7 > Locke directed by Steve Knight

Locke is a mesmerizing one-man show. A terrific actor, Tom Hardy commands the screen as the title character, Ivan Locke, a construction manager whose life is unraveling both personally and professionally. So we have a man, in a car, on his Bluetooth. During a 90-minute drive from Birmingham to London, Hardy is hypnotic, carefully modulating his voice to exude calm as various facets of his life collide and collapse. With real-time storytelling, the film is a minimalist original about how life can turn on a dime. Compelling.

8 > Nightcrawler directed by Dan Gilroy

Likening this film to the scene of an accident, where I couldn’t look away is not only apt, but accurate. Jake Gyllenhaal unsettlingly plays Lou Bloom, an ambitious, sociopathic video newshound, trawling the underbelly of Los Angeles at night for the most gruesome crimes. Part thriller, part black comedy, this film shines a light on the race for one-upmanship among news organizations and their thirst for ratings. It’s riveting but not easy to watch as Lou sells his product, and the news outlet packages the fear and shamelessly peddles it. Toxic.

9 > Only Lovers Left Alive directed by Jim Jarmusch

One of my favorite directors, Jarmusch’s style excels in stillness and silence. Since the leading characters here are world-weary vampires, the fit is perfect. Tilda Swinton and Tom Hiddleston play longtime lovers living a world apart, he in Detroit, and she in Tangier. As Adam and Eve, they are artists who live in the shadows of the night – in the modern world, but also out of step – longing for an existence that has passed and they know will never return. Is it a cultural statement from Jarmusch of artists as outsiders? Perhaps. But I reveled in the bone-dry wit, the languorous unfolding of the narrative, and the aching loss below the surface. Poetic.

10 > Under the Skin directed by Jonathan Glazer

This arty, sci-fi thriller stars Scarlett Johansson who gives a fine performance as an otherworldly woman – maybe, luring unsuspecting young Scotsmen into her van. Once in, it does not end well for them. To what purpose – don’t know. The film is hypnotic with very little dialogue, and distinctive and frustrating at the same time. While I fit pieces together, I never saw the big picture, yet I couldn’t look away. Visually stunning with a soundtrack that is also not of this world, a hunter stalks her prey and experiences the consequences of what it is to be human. Or something like that. Haunting.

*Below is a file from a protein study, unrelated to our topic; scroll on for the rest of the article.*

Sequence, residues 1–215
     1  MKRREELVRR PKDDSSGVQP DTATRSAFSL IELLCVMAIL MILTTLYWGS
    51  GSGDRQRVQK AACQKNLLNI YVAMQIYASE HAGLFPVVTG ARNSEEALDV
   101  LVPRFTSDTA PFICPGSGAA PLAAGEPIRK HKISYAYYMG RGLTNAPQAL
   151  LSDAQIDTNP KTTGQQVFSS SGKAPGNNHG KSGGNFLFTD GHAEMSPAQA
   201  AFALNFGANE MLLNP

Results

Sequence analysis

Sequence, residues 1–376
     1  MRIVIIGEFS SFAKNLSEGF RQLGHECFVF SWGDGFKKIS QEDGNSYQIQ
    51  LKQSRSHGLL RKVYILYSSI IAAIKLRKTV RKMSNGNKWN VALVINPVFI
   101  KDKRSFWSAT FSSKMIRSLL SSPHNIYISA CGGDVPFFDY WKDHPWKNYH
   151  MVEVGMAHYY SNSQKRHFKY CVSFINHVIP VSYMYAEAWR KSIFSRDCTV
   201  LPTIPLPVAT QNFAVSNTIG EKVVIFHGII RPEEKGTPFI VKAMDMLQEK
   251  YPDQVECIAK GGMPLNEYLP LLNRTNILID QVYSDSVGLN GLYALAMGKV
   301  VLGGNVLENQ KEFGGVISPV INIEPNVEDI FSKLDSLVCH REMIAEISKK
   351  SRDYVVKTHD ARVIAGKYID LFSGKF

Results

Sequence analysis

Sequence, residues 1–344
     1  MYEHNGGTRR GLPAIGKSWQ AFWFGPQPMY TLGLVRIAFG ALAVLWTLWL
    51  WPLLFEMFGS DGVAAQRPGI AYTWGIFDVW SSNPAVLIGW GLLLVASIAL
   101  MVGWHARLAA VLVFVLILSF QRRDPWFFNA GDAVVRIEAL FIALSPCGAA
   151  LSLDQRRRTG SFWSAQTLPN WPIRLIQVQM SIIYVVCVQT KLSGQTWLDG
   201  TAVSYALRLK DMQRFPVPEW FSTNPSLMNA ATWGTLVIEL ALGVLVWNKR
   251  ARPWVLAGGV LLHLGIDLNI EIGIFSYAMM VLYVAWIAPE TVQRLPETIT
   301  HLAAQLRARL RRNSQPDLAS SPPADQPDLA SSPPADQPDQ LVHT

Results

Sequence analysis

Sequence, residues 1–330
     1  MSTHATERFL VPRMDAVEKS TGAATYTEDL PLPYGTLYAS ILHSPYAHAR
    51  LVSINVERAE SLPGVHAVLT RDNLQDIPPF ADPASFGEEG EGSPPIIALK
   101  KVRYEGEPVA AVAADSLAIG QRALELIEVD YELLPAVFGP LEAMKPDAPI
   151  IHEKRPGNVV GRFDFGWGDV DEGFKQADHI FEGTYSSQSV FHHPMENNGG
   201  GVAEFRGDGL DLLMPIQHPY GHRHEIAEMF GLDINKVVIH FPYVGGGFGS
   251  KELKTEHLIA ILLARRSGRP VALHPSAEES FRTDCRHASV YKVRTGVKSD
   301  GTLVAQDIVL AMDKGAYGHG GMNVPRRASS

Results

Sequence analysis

Honorable mentions: The Babadook, Birdman, Finding Vivian Maier, Gloria, Foxcatcher, Guardians of the Galaxy, The Imitation Game, Le Week-End, Mr Turner, Stranger by the Lake, Snowpiercer, The Theory of Everything, Tracks, The Two Faces of January, We Are The Best!

Theater fans, check out my 10 best plays of the year here. And the curious g’s wrap up is fini.

What films did you love – or not – in 2014?

Poster montage: Design + animation © 2014 Janet Giampietro

4 Responses to “My quirky, surprising + maybe a little expected top 10 films of 2014 list”

  1. Frank N. Says:

    These are some really strange films that you call your top 10. How can Foxcatcher and Birdman be honorable mentions?

    Thank you.
    Frank N.

  2. Janet Says:

    Well. Frank N., chacun à son goût, as they say.

    I thought the performances in Foxcatcher were excellent, and the story was fascinating. The film was a bit too long and slow for me. As for Birdman, there was something too scattered about the narrative. But above all, there were 10 other films more interesting to me.

    Thanks for reading. Cheers,

  3. hugh_mckay Says:

    Hello the curious g,

    I stumbled upon this post. You must live somewhere that they show a lot of different kinds of movies. I never heard of most of your list. That Locke and Jodorowsky’s Dune sound pretty interesting. I’m gonna check them out.


  4. Janet Says:

    Hello Hugh:

    Welcome, and thank you for your comment. I am lucky that most films pass through my area. I’m glad that you found two films on the list that interested you, and that you may not have otherwise seen. Happy screenings. Feel welcome to post your reviews here. It’s good discussion.